Thanks duncan, the knowledge that this was just lightbulbs was enough for me to hack a fix for my own unit. The result is not perfect but it's functional. If you have a small amount of soldering skill and a very basic grasp of electronics then this hack is very easy:
The problem is that there are two lightbulbs behind the LCD screen that illuminate a piece of translucent plastic. The bulbs are connected in series, so if one blows they both go out. My fix involves simply connecting a piece of wire across the blown bulb thus allowing power to reach the good bulb. In theory this alters the electrical properties of the circuit and may end up in death of the other bulb or worse damage. I've had about an hour's use out of my unit since doing this with no ill effects (it came with a car I just bought so I don't mind too much if it dies).
You only need the front panel. Unscrew the four screws on the back of the front panel and prise it apart. It's best to do this with the silver side down as there's a bunch of bits of plastic for the buttons that will fall out all over your bench if you hold it the other way.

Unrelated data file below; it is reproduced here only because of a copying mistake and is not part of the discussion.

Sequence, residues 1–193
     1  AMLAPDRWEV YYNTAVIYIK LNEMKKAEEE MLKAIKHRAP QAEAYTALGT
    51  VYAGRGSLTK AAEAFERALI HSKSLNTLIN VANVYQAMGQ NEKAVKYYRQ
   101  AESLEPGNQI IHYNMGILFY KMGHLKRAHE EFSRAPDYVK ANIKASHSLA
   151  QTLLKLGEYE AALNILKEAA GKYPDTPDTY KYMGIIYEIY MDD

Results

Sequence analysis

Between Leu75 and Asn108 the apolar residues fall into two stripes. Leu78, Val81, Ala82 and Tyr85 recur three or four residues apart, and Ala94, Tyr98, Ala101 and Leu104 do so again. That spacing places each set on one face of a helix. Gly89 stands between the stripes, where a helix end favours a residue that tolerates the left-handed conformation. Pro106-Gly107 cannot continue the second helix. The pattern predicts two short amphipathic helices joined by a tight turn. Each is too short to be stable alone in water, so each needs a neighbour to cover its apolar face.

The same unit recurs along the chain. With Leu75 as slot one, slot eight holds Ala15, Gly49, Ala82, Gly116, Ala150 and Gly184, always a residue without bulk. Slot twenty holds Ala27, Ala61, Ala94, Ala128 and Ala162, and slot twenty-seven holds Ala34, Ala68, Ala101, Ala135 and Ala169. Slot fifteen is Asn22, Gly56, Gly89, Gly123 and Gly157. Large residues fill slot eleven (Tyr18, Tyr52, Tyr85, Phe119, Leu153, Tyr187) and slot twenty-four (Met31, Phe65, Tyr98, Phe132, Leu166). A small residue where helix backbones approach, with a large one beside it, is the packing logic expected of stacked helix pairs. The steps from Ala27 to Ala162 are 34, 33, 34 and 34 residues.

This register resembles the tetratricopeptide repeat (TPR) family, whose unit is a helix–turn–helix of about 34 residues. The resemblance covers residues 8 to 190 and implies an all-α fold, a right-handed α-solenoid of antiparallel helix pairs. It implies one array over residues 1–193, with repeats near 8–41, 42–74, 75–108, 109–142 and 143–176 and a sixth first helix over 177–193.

To do the investigation I removed the LCD panel but this is not necessary for this fix. Look at the picture:
(On the pic, the LCD and bulbs are removed, so yours will differ a little from here).
The bulbs are wired at ba and bc. Connect your multitester across ba and check the resistance. If it's infinity, that's the blown bulb. If it's less (e.g. about 5 ohms) then that bulb's fine. Do the same across bc. Then, on whichever is blown, get a small piece of wire and solder it across. For a final check, connect the tester across A-C on the front panel connector (that's the top left and bottom right pins). If you see infinity, you either fixed the wrong bulb or didn't make a good connection.
Obviously, don't get solder on any other parts of the circuitboard or you're creating new circuits!